Fair Lawn Soft Borders

ALTERNATIVES AND SUGGESTIONS

In some communities, a “soft borders” policy is framed as a last resort to address overcrowding concerns. Also, there are arguably ways to implement a “soft borders” policy more equitably and still effectively (relative to the version of the policy proposal posted online on February 23, 2017).

For example, the proposed “soft borders” policy could be modified as follows:

  1. For the first year of implementation, families would be invited for voluntary re-assignment only. Some families might choose to send their children to a different elementary school, especially if it promises smaller class sizes or other “value added” features. A “pilot” year of testing this policy change could be in place before introducing more extreme provisions for involuntary placement.

  1. The policy could be revised to apply only to people who move to Fair Lawn after some reasonable future date (e.g., July 1, 2017). That way, all families affected by this policy will have had the opportunity to know about the “soft borders” policy before it goes into effect. (Under the current policy, current residents whose oldest child will not enter kindergarten before the fall of 2018 would be vulnerable to re-assignment.)

  1. The policy be adopted with a clearer path forward on a longer-term solution and that the intended “short-term” nature of the policy be written into the policy itself. For example, the policy could specify a specific time period during which “soft borders” would begin and end, requiring the Board to revote on the policy if in need of an extension.

  1. The policy be revised such that the superintendent does not have unilateral control over which specific children are to be involuntarily relocated. For example, the policy could include additional language with more explicit guidelines to ensure fairness and transparency in these decisions. It also might include provisions for a lottery system among all eligible households to ensure that everybody affected has an equal chance of being selected for involuntary re-assignment.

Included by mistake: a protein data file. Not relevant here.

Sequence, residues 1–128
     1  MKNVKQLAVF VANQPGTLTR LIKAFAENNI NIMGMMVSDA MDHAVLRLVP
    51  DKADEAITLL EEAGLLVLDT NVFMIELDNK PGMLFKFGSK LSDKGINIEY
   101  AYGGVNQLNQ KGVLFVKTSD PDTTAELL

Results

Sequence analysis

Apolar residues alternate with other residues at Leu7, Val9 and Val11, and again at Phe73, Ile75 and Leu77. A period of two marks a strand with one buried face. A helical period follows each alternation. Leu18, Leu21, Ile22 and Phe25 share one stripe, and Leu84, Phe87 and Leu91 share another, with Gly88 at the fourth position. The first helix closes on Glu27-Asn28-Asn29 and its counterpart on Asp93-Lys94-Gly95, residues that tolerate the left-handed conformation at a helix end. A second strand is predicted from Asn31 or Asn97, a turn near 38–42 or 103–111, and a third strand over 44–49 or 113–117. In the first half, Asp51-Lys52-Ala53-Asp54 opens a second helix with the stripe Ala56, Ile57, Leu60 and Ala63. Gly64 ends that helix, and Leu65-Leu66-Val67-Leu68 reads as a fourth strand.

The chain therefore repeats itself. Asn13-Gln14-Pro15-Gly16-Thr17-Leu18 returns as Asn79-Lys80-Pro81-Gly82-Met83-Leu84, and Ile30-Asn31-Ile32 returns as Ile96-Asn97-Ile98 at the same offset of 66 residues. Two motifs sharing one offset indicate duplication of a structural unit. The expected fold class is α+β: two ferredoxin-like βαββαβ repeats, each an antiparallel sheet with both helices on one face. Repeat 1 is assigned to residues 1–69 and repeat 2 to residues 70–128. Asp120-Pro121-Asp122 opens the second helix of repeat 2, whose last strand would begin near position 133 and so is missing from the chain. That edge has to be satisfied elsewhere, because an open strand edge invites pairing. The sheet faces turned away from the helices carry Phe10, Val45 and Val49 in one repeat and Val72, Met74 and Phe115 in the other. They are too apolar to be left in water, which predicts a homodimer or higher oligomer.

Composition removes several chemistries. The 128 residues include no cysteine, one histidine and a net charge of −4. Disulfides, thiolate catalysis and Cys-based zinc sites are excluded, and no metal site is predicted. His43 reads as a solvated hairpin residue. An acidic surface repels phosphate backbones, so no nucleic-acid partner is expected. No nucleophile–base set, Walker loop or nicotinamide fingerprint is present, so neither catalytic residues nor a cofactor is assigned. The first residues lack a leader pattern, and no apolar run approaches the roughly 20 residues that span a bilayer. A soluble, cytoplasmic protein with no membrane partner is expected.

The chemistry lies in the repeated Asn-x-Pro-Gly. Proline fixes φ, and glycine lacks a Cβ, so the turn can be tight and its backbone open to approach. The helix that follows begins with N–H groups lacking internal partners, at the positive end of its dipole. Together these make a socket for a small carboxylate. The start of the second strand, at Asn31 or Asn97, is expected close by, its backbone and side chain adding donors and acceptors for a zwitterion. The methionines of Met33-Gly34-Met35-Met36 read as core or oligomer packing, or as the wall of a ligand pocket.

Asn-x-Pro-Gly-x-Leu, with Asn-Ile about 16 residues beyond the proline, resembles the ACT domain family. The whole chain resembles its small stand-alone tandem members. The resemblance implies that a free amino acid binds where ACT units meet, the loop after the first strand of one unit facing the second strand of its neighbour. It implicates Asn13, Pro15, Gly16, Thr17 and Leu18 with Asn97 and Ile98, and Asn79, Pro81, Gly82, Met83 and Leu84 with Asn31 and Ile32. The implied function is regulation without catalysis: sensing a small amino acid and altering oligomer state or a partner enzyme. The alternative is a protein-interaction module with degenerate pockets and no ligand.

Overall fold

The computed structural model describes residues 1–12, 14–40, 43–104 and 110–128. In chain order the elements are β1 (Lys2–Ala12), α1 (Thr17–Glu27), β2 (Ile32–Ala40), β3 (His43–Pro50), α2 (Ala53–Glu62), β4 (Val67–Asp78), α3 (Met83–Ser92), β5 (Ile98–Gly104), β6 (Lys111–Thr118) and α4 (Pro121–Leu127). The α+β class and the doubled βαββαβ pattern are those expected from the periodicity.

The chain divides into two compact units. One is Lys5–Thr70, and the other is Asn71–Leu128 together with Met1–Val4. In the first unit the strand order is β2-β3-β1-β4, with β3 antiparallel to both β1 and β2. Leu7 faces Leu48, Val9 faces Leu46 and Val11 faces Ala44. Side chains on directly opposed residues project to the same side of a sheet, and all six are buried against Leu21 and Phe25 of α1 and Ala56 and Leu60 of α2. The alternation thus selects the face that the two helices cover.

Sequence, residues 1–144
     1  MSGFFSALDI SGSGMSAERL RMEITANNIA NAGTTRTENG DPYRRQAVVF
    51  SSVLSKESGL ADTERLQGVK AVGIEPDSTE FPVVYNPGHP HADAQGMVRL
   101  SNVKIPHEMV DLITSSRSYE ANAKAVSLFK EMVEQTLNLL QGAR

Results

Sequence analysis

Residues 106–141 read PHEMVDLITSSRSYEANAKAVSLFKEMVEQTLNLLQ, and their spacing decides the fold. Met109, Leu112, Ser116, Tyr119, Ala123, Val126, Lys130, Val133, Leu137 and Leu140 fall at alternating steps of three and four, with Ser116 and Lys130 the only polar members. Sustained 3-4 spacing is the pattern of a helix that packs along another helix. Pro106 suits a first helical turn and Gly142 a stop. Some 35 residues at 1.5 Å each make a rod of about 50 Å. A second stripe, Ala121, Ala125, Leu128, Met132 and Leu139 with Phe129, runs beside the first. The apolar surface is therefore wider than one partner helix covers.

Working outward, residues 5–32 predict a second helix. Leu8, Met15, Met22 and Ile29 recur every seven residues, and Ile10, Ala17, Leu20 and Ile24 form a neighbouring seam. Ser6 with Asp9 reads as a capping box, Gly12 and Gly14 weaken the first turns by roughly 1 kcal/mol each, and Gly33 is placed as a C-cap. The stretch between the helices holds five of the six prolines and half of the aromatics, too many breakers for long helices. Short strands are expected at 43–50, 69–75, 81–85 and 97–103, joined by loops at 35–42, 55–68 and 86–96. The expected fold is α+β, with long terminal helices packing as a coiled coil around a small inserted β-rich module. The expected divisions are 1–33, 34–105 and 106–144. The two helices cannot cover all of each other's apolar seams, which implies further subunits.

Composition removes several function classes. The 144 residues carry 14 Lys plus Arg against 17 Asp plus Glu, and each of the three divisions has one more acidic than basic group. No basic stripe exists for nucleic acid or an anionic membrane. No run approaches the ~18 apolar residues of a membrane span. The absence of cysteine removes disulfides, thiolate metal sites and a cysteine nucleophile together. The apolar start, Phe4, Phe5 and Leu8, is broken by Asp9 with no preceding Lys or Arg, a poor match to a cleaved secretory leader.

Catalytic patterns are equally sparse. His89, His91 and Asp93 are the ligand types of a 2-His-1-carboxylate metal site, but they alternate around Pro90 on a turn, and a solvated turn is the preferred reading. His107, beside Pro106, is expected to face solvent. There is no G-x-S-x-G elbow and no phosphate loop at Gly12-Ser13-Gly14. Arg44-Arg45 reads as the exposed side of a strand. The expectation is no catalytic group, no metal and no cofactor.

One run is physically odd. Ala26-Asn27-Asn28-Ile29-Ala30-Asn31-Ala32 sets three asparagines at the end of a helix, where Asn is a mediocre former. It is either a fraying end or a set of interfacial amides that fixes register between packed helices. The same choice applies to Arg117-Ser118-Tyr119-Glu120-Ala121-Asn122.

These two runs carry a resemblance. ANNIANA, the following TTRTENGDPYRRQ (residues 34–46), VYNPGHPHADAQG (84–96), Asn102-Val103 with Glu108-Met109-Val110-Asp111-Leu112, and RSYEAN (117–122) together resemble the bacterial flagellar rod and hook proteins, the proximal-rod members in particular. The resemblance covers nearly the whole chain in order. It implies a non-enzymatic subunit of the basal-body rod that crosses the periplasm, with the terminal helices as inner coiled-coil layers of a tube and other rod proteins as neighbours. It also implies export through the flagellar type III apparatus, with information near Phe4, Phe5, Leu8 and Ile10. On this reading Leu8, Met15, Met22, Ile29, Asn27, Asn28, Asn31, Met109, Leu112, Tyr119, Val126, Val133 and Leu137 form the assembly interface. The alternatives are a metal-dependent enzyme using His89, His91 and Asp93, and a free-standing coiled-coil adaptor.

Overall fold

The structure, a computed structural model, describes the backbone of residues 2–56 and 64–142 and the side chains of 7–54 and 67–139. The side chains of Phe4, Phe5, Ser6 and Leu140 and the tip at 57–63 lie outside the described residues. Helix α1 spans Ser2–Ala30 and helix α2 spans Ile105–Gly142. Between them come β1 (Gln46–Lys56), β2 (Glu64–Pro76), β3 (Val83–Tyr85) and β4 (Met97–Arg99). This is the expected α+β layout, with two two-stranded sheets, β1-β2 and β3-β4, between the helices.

Here is a developing list of other alternatives and suggestions:

- Do not move forward with “soft borders” until there is more information and public discussion concerning a longer-term solution, such as the feasibility, costs, funding mechanisms and timelines for (a) reopening the Edison School building (as a kindergarten center or k-5 elementary school), (b) adding classrooms or floors to the existing Milnes and Radburn school buildings, and (c) repurposing other school or municipal buildings for administrative offices or bringing in portable buildings for administrative purposes rather than classrooms. (Administrative offices are currently housed in a portion of the Edison School building.)

- Accommodate increasing enrollment in Milnes and Radburn through measures instead of “soft borders,” such as (a) placing additional certified teachers or paraprofessionals in larger classrooms and dividing work in groups to accommodate larger classes, (b) staggered scheduling, (c) different start and end times for students, and (d) repurposing existing rooms in Milnes and Radburn as classrooms to ease increased student enrollment.

- Convene a voluntary task group of key stakeholders and private citizens to convene regularly for at least six months to identify, discuss, and communicate on a variety of courses of action in response to unequal enrollment numbers across municipal elementary schools. Have the task force (a) procure a high-quality analysis concerning the advantages and disadvantages of each course of action, (b) present this information to the community at large through various communication channels and solicit feedback, and (c) deliver recommendations to the Fair lawn Board of Education by the end of calendar year 2017. The Board would then deeply consider the recommendations from the task force before voting on any changes.

- As a longer-range strategy, pass a resolution requiring developers to pay into a school construction fund to prevent future overcrowding in existing school buildings.



Last updated: February 27th 2017 8AM
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